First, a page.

I have a parakeet in my yard -- of course, by the bird feeders and baths. I saw a lost- and-found ad in Newsday and called the woman. It may be hers, but I have no way to catch it. Any ideas? -- Lynne Denis, New York City
It seems as if humans have been trying to catch birds for one reason or another since the beginning of time. Since the bird is obviously a pet and is familiar with cages, you need to get a cage and attach some fishing line to the door in a way that you can pull the line and close the door. Load the cage with seed and place it where the feeders are with a door in the open position. Then take the seed out of the feeders. (Do not worry about the wild birds; they will not starve this time of the year.) The parakeet will fly down to the feeding area, see the cage full of seed with the door open and then should go right into it. If all goes well, you then pull the string and close the door and you have the bird.
If you are not seeing the bird in your yard when you are out there holding the string and ready to pull it, then just remove the string and wire open the door so that it cannot close. Leave the cage there. This way, when the bird does come to the area, it will still go into the cage to feed and thus become used to the situation so that you can try again later on when you have the time to wait outside sitting in a chair and reading as you are holding the string.
I remember when I was a kid, there was a loose parakeet in my backyard and I was trying to catch it in a similar manner for a few days. The poor bird was being bullied by the local sparrows and was having a hard time. Finally I timed the situation perfectly and the bird went into the cage and started to eat as I was sitting about 30 feet away holding the string. Of course, when I pulled the string it got tangled on a bush and the part leading from the bush to my hand broke off. The part leading from the bush to the cage was still holding the door open, and, since I could no longer close the door, there was no point approaching the cage, as I was sure the bird would fly right out of it. As the parakeet was eating, a gang of sparrows landed on the cage, glaring angrily at the parakeet. The parakeet kept glancing nervously upward at the sparrows and then obviously came to some sort of decision. It went to the door of the cage and tugged at it hard enough so that the string leading from the cage door to the bush came off and the door then slid closed. He then calmly went back to his meal.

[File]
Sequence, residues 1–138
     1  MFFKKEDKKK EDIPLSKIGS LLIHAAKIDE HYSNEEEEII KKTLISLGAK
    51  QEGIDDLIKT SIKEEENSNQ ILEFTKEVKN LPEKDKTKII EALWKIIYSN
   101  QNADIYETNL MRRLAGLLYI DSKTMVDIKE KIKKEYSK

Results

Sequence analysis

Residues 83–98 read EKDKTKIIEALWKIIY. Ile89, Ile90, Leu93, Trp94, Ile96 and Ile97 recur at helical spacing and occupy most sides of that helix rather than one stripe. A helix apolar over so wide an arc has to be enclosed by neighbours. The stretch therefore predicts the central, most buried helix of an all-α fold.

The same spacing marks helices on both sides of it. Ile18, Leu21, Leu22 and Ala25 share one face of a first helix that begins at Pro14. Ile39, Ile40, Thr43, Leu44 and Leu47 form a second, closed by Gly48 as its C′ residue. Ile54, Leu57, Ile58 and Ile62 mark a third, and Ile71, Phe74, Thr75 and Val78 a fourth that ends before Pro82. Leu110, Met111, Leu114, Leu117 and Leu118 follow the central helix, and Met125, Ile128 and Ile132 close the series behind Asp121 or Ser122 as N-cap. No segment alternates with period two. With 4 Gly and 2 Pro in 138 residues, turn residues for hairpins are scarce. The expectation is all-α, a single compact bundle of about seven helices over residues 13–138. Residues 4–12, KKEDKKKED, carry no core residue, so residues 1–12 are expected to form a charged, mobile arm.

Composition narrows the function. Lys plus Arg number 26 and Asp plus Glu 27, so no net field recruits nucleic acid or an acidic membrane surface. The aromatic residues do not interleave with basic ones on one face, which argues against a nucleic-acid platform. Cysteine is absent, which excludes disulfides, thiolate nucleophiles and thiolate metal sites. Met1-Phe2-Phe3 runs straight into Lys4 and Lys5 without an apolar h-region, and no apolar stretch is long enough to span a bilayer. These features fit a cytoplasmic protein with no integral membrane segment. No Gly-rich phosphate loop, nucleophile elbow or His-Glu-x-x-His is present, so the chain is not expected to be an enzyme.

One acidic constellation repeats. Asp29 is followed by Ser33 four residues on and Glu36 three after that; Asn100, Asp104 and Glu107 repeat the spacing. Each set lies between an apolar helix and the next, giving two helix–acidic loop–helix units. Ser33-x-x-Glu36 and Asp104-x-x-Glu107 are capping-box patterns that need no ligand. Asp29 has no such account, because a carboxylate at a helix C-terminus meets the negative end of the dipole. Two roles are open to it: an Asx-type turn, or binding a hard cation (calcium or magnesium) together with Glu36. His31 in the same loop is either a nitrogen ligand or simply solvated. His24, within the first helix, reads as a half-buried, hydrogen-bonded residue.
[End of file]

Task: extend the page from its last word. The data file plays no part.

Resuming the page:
This was one of the few times in my life I actually saw an animal use a cognitive thought process. I kept that little bird and named him Pete and had him as a cherished pet for another six years, but he never showed off his cognitive skills like that again.
My kids finally broke me down and I agreed to get a dog, the first either my husband or I ever had. Of course we went on the Internet to research the breeds, and we are 100 percent confused as to which we should get. Should we get a pure breed or a mixed breed, contact a breeder or rescue a dog from a shelter? -- Grace Simpson, Massapequa
This is not an easy question to answer, as all dogs make good pets. That being said, some dogs have physical and mental abilities that make them easier for some humans to raise. Note I say easier and not better. If you do not have time to comb a dog daily, then do not get a dog with long hair unless you are prepared to take it to a groomer regularly. Better to get a short-haired dog to begin with. If you do not have time to take a dog outside to be exercised two or three times a day and cannot afford a dog-walker, then do not get a breed that needs lots of outdoor time. Instead, get a small dog that can tire itself out by chasing a ball around the living room. If you are a control freak and need a dog that pays attention to your every command, then do not get a breed of dog that was selectively bred to think for itself and make its own decisions.
These are the things that you should be doing research on. The dog does not have to be a puppy, either. An older dog that is down on its luck and in a shelter for whatever reason is such a good option. After you adopt the dog, you just take it home and walk in the door with it and feed it and let it pick out a place to sleep and, presto, you have a dog. You do not have to housetrain it or do anything else.
The best dog I ever had was Barney, a medium-sized mixed-breed setter-looking dog, 5 or 6 years old, that I just happened to find in a shelter. He had been dumped there because he had chronic gingivitis that even my vets could not fix. And he had horrible and expensive dental problems for the 10 years that I had him. There was just something about him that appealed to me. Our connection was instantaneous, and he never stopped going out of his way to help me and did his best to do whatever he could to make my life easier. I never felt worthy of his adulation.